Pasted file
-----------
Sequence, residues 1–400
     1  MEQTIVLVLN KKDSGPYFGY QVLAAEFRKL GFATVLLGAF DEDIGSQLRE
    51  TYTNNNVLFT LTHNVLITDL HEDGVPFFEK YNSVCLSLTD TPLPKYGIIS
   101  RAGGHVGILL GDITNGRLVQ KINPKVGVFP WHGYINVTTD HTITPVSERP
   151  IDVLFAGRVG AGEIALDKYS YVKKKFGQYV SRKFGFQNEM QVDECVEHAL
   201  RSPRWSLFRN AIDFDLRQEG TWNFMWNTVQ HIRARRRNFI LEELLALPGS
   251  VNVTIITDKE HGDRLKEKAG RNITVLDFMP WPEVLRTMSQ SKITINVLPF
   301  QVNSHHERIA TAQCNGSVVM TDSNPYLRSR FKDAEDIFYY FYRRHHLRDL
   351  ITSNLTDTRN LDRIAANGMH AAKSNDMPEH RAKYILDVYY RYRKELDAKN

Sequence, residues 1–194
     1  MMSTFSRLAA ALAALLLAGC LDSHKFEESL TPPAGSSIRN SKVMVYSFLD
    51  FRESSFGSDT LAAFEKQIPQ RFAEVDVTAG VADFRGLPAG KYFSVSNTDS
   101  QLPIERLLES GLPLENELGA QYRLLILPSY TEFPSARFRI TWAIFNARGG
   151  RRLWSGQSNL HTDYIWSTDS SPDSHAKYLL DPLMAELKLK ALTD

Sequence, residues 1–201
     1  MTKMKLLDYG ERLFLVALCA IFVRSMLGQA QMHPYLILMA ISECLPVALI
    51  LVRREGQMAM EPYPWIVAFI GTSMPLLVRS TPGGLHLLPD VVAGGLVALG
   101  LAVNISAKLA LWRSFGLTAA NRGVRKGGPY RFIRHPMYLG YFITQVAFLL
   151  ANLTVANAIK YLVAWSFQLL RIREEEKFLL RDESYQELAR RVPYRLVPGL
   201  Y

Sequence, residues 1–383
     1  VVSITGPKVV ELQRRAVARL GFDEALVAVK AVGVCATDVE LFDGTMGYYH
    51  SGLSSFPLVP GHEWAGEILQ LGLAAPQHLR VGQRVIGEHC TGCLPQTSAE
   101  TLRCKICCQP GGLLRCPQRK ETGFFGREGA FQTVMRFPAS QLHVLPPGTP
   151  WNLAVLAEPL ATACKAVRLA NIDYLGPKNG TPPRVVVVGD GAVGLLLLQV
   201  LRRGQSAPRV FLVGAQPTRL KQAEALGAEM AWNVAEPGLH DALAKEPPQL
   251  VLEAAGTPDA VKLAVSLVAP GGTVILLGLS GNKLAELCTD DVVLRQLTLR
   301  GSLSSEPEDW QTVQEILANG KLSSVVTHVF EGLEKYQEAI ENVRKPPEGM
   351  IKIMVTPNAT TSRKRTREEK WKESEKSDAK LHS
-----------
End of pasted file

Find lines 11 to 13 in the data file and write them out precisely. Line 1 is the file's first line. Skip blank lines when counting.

     1  MMSTFSRLAA ALAALLLAGC LDSHKFEESL TPPAGSSIRN SKVMVYSFLD
    51  FRESSFGSDT LAAFEKQIPQ RFAEVDVTAG VADFRGLPAG KYFSVSNTDS
   101  QLPIERLLES GLPLENELGA QYRLLILPSY TEFPSARFRI TWAIFNARGG